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Digital Archive International History Declassified

June 26, 1944


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    Stalin and Harriman discuss Finland and the strategy for Finnish withdraw from the war.
    "The Finnish Situation," June 26, 1944, History and Public Policy Program Digital Archive, Container 173, W. Averell Harriman Papers, Manuscript Division, Library of Congress, Washington D.C.
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Conversation.                                 Moscow, June 26, 1944

Present: The American Ambassador, Mr. Harriman

 Mr. Edward Page, Second Secretary of Embassy

 Marshal Stalin

 Mr. V. M. Molotov, People’s Commissar

                           For Foreign Affairs

             Mr. Pavlov, Soviet interpreter

Subject: The Finnish Situation.

After Mr. Johnston had withdrawn from the room, I had an opportunity to bring up with Marshal Stalin the question regarding Finland raised by the Secretary of State in a recent cable (Department’s No. 1550, June 24, 10 p.m.) and I asked him whether in his opinion there was anything the President could do which might be helpful in facilitating the Finnish withdrawal from the war. The Marshal stated that he did not believe that any action on our part would be of any value at the present time. He said that the controlling members of the Finnish Government were Fascists, were agents of Hitler, and were under the complete domination of the German Government. There were not interested in the welfare of the Finnish people but only in keeping themselves in power.

The Marshal continued that at the instigation of the Finns, Boheman had approached Madame Kollontai in Stockholm and had stated that the Finnish Government desired to resume peace negotiations and to send representative to Moscow. The Soviet Government had replied that if it received a written statement from the President of Finland or from the Minister for Foreign Affairs that Finland was prepared to capitulate, the Soviet Government would receive the representatives and would open peace negotiations. This had happened a week ago and no reply had been received from the Finnish Government.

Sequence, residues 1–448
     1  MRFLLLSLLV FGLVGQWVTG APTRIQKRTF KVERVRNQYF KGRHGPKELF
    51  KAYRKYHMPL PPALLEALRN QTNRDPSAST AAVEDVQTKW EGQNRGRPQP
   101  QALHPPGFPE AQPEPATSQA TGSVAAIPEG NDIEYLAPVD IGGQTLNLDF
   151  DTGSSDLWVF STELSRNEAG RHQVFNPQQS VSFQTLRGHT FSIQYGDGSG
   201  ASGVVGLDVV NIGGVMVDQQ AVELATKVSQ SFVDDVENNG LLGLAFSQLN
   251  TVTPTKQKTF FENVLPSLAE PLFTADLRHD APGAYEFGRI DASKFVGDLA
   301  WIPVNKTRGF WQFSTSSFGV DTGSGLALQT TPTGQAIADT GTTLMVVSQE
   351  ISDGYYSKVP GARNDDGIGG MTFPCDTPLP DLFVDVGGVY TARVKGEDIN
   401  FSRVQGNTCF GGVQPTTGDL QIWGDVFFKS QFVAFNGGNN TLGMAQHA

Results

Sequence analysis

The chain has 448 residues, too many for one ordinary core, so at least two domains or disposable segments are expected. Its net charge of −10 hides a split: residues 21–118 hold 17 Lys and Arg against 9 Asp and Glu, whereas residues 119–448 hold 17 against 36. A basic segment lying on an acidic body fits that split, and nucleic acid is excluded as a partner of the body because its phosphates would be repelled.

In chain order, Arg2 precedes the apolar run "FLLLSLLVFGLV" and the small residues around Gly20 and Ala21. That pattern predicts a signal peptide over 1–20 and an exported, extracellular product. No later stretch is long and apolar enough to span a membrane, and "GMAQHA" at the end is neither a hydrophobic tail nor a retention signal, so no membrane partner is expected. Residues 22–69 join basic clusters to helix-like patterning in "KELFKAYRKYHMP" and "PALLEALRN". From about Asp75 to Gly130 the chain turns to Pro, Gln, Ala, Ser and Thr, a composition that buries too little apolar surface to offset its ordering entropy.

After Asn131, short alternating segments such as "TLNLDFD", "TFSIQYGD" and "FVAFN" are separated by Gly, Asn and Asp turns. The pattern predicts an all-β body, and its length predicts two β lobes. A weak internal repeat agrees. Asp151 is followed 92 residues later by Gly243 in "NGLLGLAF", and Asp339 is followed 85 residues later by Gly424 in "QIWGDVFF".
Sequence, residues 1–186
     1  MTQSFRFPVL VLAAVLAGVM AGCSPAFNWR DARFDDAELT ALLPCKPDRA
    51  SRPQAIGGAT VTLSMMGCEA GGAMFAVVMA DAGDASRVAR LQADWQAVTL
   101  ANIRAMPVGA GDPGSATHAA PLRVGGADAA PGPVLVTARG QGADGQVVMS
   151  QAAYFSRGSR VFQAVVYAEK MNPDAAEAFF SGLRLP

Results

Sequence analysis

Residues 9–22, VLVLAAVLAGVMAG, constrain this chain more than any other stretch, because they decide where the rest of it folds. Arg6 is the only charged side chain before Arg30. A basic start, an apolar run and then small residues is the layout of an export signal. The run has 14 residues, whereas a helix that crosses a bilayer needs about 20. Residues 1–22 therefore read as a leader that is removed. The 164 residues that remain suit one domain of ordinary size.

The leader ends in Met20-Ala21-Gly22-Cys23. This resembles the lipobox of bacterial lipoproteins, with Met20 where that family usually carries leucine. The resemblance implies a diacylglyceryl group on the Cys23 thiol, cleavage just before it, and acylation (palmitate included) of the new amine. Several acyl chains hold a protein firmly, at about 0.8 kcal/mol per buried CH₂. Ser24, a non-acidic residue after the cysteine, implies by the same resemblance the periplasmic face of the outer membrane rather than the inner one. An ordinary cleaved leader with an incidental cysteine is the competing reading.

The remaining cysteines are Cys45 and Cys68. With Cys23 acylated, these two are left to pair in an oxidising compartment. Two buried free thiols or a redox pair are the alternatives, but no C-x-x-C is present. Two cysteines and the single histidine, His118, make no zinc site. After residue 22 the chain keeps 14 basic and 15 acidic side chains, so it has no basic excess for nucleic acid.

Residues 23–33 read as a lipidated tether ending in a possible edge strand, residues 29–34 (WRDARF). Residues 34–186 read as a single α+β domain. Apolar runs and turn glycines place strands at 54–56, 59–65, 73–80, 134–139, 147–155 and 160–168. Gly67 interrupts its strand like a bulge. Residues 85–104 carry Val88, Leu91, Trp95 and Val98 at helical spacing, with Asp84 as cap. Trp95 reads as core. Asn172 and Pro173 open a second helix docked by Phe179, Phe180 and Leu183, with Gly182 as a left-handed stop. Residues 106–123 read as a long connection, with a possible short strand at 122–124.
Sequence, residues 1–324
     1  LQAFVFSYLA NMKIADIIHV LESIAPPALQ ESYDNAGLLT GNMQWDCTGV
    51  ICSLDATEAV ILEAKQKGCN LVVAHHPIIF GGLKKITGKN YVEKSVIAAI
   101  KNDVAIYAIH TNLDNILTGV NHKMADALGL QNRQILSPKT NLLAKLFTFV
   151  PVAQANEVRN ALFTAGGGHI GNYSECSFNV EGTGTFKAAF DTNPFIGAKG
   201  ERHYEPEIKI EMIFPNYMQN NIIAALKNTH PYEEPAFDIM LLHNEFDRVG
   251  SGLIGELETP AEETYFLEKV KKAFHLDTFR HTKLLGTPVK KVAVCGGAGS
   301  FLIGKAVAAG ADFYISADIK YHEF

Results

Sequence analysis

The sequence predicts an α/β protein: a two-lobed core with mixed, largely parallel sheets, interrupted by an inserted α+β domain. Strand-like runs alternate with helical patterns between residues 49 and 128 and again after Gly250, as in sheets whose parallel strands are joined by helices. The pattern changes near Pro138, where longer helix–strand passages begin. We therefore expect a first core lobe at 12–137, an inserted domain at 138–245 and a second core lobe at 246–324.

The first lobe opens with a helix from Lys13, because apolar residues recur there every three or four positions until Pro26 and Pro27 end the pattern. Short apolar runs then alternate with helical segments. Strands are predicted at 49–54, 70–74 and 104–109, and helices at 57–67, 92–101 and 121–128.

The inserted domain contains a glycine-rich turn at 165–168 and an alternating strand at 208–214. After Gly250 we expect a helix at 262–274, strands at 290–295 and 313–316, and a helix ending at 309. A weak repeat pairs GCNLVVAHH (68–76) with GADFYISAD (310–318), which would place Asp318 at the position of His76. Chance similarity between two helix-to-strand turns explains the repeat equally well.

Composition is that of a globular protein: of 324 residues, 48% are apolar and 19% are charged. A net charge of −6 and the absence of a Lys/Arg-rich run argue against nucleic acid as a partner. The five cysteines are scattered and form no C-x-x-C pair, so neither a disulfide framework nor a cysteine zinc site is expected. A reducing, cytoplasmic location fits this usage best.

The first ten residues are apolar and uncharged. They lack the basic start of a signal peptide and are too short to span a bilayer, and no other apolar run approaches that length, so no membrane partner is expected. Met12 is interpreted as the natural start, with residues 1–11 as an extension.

I said that we had heard from our Charge d’Affaires in Helsinki that there was a possibility of a change in government under Ramsay’s leadership. Stalin replied “these are only rumors” and are typical of the policy of deception which the Finnish Government has been carrying on. For example, the Finns are continually deceiving the Swedes who, although honest, unknowingly mislead other people. Marshal Stalin did not appear to place any credence in the report that Ramsay was endeavoring to effect a change in the government; in any event he did not believe that Ramsay would be successful in ousting the “fascist group” which made up the majority of the Finnish Government.

In reply to my further question, Marshal Stalin indicated that he did not feel that assurances either to the Finnish Government or over its head to the people of Finland that the Soviet Government did not intend to swallow up Finland would be of any avail at the present time. At one time in the conversation Stalin stated that it was of course for the President and the United States Government to decide what course of action they wished to take regarding Finland. He added that he did not even believe that a rupture in American-Finnish relations would cause the present Finnish Government to change its position in so far as a Finnish withdrawal from the war was concerned.

In spite of the Marshal’s pessimism, I obtained the impression that he would not resent or object to our giving informal indications to the Finns of our understanding of Soviet policy toward Finnish independence and as reiterated by Marshal Stalin in our last conversation.



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